Hurricanes Katrina and Rita: Provision of Charitable Assistance Page: 2 of 16
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Highlights of GAO-06-297T, a report to
House Committee on Ways and Means
Subcommittee on Oversight
Why GAO Did This Study
The devastation and dislocation of
individuals experienced throughout
the Gulf Coast in Louisiana,
Mississippi, Alabama, and Texas in
the wake of Hurricanes Katrina and
Rita has raised concern about both
the charitable sector's and the
government's abilities to effectively
respond to such disasters. To
strengthen future disaster response
and recovery operations, the
government needs to understand
what went right and what went
wrong, and to apply these lessons.
The National Response Plan
outlines the roles of federal
agencies and charities in response
to national disasters. Recognizing
the historically large role of
charities in responding to disasters,
the plan included charities as
signatories and gave them
In addition to carrying out the
responsibilities outlined in the
National Response Plan, charities
served as partners to the federal
government in providing both
immediate and long-term
assistance following Hurricanes
Katrina and Rita.
GAO was asked to provide an
overview of lessons learned from
charities' response to previous
disasters as well as preliminary
observations about the role of
charities following the Gulf Coast
hurricanes. As part of our ongoing
work, GAO will continue to analyze
federal and charitable efforts
following the hurricanes.
To view the full product, including the scope
and methodology, click on the link above.
For more information, contact Cynthia
Fagnoni at (202) 512-7215 or
HURRICANES KATRINA AND RITA
Provision of Charitable Assistance
What GAO Found
Following September 11, 2001, GAO reported lessons learned that could
help charities enhance their response to future disasters. These included
easing access to aid for eligible individuals, enhancing coordination
among charities and between charities and the Federal Emergency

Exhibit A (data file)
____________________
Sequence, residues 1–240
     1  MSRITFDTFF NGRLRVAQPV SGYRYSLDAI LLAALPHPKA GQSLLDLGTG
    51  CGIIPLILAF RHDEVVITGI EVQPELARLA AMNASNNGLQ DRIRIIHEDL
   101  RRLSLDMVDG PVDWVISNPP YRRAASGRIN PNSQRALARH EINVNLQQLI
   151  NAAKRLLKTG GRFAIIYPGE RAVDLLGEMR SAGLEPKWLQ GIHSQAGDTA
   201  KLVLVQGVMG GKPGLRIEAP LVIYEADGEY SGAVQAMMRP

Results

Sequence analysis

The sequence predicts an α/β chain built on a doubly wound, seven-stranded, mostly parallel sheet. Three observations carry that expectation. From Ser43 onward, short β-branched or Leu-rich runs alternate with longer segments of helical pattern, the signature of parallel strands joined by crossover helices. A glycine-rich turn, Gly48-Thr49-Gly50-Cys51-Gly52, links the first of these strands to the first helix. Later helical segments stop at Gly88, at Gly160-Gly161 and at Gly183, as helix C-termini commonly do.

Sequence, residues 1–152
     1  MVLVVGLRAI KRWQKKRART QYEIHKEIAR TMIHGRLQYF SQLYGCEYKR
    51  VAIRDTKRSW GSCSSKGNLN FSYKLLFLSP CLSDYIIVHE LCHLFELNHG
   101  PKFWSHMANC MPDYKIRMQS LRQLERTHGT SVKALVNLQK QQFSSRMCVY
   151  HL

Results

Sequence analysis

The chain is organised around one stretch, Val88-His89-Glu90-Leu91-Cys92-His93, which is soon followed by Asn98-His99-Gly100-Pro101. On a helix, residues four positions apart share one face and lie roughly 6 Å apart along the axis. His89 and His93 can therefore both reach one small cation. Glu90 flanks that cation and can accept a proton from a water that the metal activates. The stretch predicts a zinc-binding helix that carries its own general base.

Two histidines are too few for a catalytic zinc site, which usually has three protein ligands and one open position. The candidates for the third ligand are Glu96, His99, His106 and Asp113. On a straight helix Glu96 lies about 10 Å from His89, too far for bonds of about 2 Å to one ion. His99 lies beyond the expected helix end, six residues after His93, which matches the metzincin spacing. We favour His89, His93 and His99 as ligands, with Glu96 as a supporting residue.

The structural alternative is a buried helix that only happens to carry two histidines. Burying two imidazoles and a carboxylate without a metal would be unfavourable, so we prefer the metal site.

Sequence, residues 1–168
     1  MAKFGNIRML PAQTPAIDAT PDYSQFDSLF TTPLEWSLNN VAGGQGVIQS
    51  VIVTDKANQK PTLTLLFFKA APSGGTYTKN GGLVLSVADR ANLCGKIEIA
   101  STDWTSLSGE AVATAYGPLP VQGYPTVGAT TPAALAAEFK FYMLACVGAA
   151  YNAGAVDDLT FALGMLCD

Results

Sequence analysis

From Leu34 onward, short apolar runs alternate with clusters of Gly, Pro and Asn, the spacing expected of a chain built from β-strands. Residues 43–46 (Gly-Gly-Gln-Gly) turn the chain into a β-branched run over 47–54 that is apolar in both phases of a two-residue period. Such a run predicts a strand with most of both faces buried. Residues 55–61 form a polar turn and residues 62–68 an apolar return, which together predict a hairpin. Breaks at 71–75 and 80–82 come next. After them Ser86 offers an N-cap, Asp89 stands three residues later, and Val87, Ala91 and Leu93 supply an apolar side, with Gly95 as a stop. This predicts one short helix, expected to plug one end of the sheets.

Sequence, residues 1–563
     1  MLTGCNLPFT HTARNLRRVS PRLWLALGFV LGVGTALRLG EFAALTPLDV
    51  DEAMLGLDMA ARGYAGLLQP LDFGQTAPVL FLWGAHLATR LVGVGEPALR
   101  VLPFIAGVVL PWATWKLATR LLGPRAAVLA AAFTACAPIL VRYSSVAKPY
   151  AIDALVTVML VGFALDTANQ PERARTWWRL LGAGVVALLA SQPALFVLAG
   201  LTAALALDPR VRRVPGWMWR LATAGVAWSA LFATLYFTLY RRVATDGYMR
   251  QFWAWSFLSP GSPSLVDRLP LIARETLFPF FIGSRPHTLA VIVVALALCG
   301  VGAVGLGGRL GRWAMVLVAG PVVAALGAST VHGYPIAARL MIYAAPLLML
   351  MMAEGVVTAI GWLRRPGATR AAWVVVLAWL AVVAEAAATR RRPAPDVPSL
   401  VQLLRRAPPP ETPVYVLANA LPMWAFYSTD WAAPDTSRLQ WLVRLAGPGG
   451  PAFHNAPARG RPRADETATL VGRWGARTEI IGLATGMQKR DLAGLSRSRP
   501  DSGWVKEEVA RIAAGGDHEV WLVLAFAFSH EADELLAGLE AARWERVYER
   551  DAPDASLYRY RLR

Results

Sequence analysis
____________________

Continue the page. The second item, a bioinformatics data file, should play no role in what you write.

Management Agency (FEMA), increasing attention to public education,
and planning for future events. GAO also recommended that FEMA
convene a working group of charities to coordinate lessons learned
following September 11. Following the GAO report, seven disaster
response charities partnering with FEMA formed the Coordinated
Assistance Network to improve collaboration and facilitate data sharing.
Following the Gulf Coast hurricanes, charities raised more than $2.5
billion dollars, according to Indiana University's Center of Philanthropy,
with more than half of these funds going to the American Red Cross.
GAO's preliminary work shows that these charities have taken steps to
improve coordination of relief efforts by sharing information through
daily conference calls and electronic databases. Despite these efforts,
charities faced some challenges in coordinating service delivery. For
example, some charities reported that their volunteers needed additional
training to use the databases.
GAO teams that visited the Gulf Coast region in October 2005 observed
that in areas where the American Red Cross did not provide services, the
Salvation Army and smaller organizations-often local churches-were
able to meet many of the charitable needs of hard-to-reach communities.
The American Red Cross's efforts to protect service providers may have
prohibited it from operating in some of the harder-to-reach areas.
Additionally, some concerns were raised about smaller charities' abilities
to provide adequate disaster relief services.
Charitable distribution center in Harrison Coun
United States Government Accountability Office
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United States. Government Accountability Office. Hurricanes Katrina and Rita: Provision of Charitable Assistance, text, December 13, 2005; Washington D.C.. (digital.library.unt.edu/ark:/67531/metadc294569/m1/2/: accessed November 18, 2018), University of North Texas Libraries, Digital Library, digital.library.unt.edu; crediting UNT Libraries Government Documents Department.